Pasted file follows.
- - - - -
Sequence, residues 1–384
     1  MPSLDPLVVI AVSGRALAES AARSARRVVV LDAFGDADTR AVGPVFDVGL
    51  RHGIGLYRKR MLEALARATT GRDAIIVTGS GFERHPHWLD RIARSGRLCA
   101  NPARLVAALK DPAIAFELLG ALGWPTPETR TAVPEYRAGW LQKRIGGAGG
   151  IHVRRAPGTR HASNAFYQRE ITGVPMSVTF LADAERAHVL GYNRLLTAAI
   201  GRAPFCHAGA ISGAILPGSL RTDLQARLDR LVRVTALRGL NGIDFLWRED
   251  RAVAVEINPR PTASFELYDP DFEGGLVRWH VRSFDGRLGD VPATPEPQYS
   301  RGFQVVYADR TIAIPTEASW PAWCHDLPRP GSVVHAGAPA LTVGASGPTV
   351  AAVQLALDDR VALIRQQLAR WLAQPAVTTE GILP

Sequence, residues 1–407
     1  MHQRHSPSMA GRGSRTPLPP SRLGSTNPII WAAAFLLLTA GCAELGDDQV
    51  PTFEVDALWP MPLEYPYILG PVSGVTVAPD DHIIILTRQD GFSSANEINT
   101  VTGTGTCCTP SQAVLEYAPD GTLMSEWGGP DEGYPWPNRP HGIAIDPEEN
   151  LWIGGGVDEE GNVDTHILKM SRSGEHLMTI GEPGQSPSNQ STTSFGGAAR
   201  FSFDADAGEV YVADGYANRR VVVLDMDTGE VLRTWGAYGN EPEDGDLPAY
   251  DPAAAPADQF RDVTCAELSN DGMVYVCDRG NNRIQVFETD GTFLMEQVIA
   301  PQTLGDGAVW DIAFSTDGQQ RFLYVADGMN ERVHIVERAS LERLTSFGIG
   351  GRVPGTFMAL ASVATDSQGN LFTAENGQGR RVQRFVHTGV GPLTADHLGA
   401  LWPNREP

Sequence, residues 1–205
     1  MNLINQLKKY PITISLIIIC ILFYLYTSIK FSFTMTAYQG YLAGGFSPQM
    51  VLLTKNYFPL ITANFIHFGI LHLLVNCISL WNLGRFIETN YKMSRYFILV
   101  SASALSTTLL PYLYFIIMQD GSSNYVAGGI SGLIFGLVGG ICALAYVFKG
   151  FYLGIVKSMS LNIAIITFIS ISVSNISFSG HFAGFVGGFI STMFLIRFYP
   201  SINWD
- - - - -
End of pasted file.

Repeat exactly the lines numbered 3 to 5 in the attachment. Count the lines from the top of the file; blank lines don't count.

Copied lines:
    51  RHGIGLYRKR MLEALARATT GRDAIIVTGS GFERHPHWLD RIARSGRLCA
   101  NPARLVAALK DPAIAFELLG ALGWPTPETR TAVPEYRAGW LQKRIGGAGG
   151  IHVRRAPGTR HASNAFYQRE ITGVPMSVTF LADAERAHVL GYNRLLTAAI